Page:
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The structure in a river system is just as important to walleye as it is in the lakes and reservoirs. They use structure to get a rest from the current and to ambush food. I’ve been in 18-feet of water and within a boat length, it was as shallow as two feet. However, walleye were holding at the steep underwater structure most of the day. Walleye would consistently take our offering as we trolled over the steep structure banging our lures off the face of the structure as it climbed from the depths. I believed that baitfish were getting pushed into the rocky structure by the current and dazing or wandering the baitfish and walleye were holding in the area feeding on the disoriented baitfish. However, don’t overlook the current brakes. Baitfish will also go into the calm water to get a rest from the current and walleye will move into feed on them. 

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Using a line counter reel such as the Abu Garcia Ambassadeur line counter fishing reel when trolling to aid in knowing exactly how much line is out is key accurately targeting river walleye.

Trolling the River for Walleye

When I’m fishing a river and searching for walleye, I will often troll a hard plastic lure. As I troll, I will continuously move in and out of the water's current as I move up the river. When trolling a river, 90-percent of my hookups have come when I’m trolling up river or against the current. I let out lots of line to distance myself from my lure and when possible, I troll with my electric trolling motor or my kicker motor. I’ve also found that trolling against the current reduces lure snags and hangups. Once I catch a walleye, I will mark it on my fishfinder and take a landmark and troll past the area a few times. However, when you take a landmark or mark a weigh point, take note of how much line you had out at the time of the hookup. Remember, the fish was caught where your lure was, not where your boat was at the time of the hookup. I like to use a reel counter reel such as the Abu Garcia Ambassadeur line counter fishing reel when trolling to aid me in knowing exactly how much line I have out which makes my multiple passes more accurate resulting in more hookups. Over the years I’ve found that more than one hungry walleye lives in the same area and it pays to return and repeat the same pattern several times.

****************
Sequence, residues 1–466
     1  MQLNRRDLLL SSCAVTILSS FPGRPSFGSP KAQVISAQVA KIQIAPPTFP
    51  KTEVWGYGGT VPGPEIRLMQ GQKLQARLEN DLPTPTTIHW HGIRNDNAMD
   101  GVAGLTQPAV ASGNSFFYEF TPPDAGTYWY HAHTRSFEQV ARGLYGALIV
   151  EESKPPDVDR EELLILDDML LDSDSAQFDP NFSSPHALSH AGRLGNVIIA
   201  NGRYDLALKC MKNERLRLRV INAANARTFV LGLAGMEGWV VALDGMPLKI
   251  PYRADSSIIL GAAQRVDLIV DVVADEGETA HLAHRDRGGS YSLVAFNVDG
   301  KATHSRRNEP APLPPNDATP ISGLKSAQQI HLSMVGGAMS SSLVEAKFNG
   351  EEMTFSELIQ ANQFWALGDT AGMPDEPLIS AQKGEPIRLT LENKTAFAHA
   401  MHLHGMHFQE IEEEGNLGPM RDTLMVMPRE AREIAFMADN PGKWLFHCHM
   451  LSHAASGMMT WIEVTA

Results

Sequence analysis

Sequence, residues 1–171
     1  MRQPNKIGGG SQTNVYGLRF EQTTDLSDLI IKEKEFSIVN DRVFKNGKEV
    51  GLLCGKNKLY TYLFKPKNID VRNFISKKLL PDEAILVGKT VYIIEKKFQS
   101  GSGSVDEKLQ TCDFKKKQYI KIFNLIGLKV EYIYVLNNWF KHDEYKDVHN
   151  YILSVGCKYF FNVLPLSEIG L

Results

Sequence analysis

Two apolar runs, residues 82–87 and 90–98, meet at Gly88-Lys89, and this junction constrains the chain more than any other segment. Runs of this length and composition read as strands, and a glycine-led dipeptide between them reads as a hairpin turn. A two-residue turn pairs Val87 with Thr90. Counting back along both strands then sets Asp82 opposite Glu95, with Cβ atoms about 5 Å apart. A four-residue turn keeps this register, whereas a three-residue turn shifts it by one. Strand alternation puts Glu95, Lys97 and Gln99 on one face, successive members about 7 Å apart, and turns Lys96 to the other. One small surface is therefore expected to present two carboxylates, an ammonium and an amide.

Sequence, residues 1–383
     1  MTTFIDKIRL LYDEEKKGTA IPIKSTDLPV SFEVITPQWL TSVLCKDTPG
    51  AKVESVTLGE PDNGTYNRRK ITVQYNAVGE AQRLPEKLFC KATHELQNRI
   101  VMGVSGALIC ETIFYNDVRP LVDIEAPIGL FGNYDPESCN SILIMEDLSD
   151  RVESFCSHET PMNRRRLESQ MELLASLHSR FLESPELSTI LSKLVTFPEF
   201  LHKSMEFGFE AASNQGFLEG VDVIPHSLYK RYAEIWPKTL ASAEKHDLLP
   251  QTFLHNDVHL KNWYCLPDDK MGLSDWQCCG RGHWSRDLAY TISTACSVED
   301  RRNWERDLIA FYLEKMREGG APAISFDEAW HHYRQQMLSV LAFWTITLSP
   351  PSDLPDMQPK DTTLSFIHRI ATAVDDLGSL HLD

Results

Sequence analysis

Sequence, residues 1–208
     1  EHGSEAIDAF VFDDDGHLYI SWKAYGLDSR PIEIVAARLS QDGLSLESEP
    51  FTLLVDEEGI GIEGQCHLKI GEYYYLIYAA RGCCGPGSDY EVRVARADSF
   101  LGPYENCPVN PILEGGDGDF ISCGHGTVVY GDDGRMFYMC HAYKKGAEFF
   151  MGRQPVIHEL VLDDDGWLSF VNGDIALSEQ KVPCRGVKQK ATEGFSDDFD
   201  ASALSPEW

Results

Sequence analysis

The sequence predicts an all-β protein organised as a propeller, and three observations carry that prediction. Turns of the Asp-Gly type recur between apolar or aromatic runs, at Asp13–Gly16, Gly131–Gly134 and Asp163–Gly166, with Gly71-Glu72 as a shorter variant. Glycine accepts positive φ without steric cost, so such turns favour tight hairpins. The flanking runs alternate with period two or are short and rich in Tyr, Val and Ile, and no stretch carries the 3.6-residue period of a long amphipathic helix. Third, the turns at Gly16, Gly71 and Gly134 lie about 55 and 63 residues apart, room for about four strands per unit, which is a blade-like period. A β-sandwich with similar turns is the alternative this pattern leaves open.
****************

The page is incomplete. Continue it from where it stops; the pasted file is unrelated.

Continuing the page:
If you’re looking for some great walleye fishing give river walleye a try. It’s amazing fishing and it’s not uncommon to catch other fish species making it a multiple species river adventure.